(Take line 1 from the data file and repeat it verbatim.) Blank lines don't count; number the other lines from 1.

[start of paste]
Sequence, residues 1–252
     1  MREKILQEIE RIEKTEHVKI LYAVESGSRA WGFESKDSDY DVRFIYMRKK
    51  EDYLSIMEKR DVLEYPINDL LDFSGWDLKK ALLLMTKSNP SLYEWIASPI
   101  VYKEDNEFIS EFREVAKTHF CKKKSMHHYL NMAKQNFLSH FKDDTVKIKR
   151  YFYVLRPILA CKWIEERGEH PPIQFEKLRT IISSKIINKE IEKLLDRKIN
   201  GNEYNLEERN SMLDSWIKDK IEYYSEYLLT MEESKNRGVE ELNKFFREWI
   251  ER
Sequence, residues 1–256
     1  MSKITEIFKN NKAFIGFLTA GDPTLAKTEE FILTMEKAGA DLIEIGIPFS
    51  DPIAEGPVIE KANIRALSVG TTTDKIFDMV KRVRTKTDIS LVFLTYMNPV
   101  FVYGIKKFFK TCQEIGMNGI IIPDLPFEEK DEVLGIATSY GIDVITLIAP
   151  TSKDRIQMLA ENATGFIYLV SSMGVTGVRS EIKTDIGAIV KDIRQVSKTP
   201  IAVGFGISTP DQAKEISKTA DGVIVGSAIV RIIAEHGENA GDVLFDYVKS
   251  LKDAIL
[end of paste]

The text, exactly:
Sequence, residues 1–252